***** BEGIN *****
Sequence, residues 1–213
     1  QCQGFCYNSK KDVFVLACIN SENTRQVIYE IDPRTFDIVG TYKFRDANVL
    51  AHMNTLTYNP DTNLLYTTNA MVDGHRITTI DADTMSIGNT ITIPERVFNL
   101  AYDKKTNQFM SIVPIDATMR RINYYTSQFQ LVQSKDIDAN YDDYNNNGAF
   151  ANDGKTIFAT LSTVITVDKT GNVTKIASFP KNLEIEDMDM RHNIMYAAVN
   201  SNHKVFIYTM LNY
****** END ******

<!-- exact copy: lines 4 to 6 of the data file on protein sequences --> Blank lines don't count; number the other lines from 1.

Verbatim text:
   101  AYDKKTNQFM SIVPIDATMR RINYYTSQFQ LVQSKDIDAN YDDYNNNGAF
   151  ANDGKTIFAT LSTVITVDKT GNVTKIASFP KNLEIEDMDM RHNIMYAAVN
   201  SNHKVFIYTM LNY